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Chile speeds up plans to close coal plants, to retire half its fleet by 2025

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Chile speeds up plans to close coal plants, to retire half its fleet by 2025

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Closures will be 15 years ahead of previous deadline

Follows Engie announcement to convert three coal plants in Chile to gas

Santiago — Chile plans to close half of its coal-fired power plants by 2025, 15 years ahead of a deadline to eliminate the fossil fuel from its power mix, Energy Minister Juan Carlo Jobet said April 28.

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"We are continuing to consolidate the age of clean energy and leaving behind the coal age," the minister said.

Under an initial agreement signed by the government and power companies in June 2019, eight plants with 1,000 MW of installed capacity were due to close by 2024. Six were taken offline by the end of last year.

Since then, AES Gener, Enel and Engie have all brought forward commitments to close plants by that date, lifting the installed capacity to close by 2025 to almost 2,900 MW.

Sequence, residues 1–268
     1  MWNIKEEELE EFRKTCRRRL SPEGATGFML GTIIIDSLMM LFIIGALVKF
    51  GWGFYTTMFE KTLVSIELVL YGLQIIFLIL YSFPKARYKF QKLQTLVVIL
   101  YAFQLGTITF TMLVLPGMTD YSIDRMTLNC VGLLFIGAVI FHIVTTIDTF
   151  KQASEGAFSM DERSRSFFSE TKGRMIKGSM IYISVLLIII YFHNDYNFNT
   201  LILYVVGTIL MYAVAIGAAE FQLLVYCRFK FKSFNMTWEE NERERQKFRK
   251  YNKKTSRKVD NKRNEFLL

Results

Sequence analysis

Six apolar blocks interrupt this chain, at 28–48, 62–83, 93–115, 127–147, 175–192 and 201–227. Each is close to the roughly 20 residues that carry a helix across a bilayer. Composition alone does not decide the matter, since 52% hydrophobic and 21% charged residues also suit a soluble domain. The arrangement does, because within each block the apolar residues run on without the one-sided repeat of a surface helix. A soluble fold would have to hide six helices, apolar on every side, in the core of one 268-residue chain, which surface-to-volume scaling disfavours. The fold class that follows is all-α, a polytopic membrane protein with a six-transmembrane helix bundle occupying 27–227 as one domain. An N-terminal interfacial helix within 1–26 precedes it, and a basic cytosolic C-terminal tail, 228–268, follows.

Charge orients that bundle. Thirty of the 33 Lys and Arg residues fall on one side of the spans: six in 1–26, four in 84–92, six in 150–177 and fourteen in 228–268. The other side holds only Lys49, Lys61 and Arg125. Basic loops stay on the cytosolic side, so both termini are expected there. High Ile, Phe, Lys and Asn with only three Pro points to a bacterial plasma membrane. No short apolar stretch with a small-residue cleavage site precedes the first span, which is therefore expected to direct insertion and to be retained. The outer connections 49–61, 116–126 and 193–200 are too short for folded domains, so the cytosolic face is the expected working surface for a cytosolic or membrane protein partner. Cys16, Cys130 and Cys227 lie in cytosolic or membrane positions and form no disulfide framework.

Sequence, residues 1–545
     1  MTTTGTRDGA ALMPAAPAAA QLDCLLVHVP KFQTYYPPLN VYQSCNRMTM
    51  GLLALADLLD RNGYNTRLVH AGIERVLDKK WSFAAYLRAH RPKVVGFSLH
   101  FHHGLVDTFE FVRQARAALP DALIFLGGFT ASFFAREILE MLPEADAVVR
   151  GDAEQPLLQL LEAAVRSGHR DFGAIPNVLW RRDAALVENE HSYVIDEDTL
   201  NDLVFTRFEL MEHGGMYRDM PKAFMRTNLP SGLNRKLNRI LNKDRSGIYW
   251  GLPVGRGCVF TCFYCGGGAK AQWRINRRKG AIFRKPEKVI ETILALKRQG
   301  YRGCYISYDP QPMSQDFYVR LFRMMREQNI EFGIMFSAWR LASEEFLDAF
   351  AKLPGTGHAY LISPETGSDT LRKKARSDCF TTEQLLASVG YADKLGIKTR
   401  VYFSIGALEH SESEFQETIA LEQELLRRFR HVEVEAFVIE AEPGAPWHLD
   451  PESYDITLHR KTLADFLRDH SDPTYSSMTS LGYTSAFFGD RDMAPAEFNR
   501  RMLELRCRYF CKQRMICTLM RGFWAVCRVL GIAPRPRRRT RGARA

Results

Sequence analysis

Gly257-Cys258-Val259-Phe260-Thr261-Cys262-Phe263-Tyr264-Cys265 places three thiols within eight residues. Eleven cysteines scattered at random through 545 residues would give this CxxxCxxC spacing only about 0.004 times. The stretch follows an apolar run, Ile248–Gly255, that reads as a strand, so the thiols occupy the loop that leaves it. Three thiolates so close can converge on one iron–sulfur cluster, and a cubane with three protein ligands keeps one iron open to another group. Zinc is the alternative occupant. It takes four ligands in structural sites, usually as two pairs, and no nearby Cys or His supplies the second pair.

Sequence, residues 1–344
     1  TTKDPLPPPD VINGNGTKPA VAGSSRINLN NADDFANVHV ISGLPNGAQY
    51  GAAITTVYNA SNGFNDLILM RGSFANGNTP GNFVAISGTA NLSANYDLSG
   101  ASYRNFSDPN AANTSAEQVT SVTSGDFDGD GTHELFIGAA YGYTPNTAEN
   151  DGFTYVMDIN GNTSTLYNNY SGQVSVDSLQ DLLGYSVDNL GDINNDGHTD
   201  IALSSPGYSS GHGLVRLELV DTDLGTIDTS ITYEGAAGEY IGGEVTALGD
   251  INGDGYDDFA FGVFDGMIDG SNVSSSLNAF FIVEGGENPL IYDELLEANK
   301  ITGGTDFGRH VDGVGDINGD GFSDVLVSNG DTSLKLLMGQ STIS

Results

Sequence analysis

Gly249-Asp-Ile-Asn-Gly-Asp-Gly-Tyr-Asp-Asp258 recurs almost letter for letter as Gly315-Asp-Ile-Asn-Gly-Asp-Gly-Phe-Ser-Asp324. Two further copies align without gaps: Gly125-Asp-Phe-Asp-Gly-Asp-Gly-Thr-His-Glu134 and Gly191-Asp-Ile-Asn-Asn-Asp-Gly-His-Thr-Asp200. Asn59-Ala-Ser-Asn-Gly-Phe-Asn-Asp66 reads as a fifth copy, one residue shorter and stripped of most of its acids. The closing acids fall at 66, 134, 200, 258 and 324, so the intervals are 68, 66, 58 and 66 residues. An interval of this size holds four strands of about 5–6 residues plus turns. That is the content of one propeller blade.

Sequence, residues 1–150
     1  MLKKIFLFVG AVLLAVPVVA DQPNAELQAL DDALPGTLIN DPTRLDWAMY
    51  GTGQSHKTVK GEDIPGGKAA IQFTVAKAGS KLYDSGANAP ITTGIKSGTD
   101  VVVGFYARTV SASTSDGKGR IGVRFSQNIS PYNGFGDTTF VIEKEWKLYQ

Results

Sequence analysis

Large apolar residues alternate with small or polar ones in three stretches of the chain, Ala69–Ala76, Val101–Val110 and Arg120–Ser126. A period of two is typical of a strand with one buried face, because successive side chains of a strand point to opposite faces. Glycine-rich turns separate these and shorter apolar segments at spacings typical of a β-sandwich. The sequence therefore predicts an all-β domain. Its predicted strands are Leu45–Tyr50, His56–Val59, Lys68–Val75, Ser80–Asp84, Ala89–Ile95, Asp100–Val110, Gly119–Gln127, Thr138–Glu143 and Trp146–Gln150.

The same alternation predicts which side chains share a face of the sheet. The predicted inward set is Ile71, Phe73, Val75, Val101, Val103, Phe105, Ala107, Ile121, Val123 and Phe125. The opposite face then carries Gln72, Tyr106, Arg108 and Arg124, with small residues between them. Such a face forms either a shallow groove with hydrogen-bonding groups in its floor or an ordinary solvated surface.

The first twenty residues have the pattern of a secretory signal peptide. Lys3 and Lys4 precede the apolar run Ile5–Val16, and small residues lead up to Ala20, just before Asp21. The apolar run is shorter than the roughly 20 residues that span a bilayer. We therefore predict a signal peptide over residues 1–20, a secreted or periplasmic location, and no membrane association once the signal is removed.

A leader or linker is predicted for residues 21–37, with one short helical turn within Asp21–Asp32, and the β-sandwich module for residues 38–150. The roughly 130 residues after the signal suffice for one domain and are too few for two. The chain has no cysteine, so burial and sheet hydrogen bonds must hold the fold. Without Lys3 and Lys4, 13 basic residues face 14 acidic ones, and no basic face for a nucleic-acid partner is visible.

The new target follows an announcement April 28 by French energy giant Engie to refit its three newest coal-fired plants in the country by the middle of the decade.

The 377-MW Infraestructura Energética Mejillones (launched in 2019) will be modified to run on natural gas while the Andina and Hornitos plants (169-MW and 170-MW, respectively), launched in 2011, will run on biomass, the company said.

Engie said it expects to invest Eur1.5 billion ($1.8 billion) converting the coal plants, reducing their emissions by 80% or 5 million mt of CO2 equivalent from 2016 onwards.

"This is the equivalent of removing 30% of Chile's cars from the roads," the energy ministry said in a statement.

The company also announced that it plans to build 2,000 MW of solar and wind capacity, double its previous commitment.

The plan to end coal-based generation is central to Chile's commitment under the United Nations' Paris Climate Agreement to achieve net carbon neutrality by the middle of the century.

Speaking at the US-led Leaders' Summit on Climate last week, President Sebastian Pinera explained that Chile would take advantage of its huge potential in renewable energy, including solar and wind, to wean itself off fossil fuels and to become a major producer of green hydrogen "and thus help other countries to decarbonize their own energy supplies."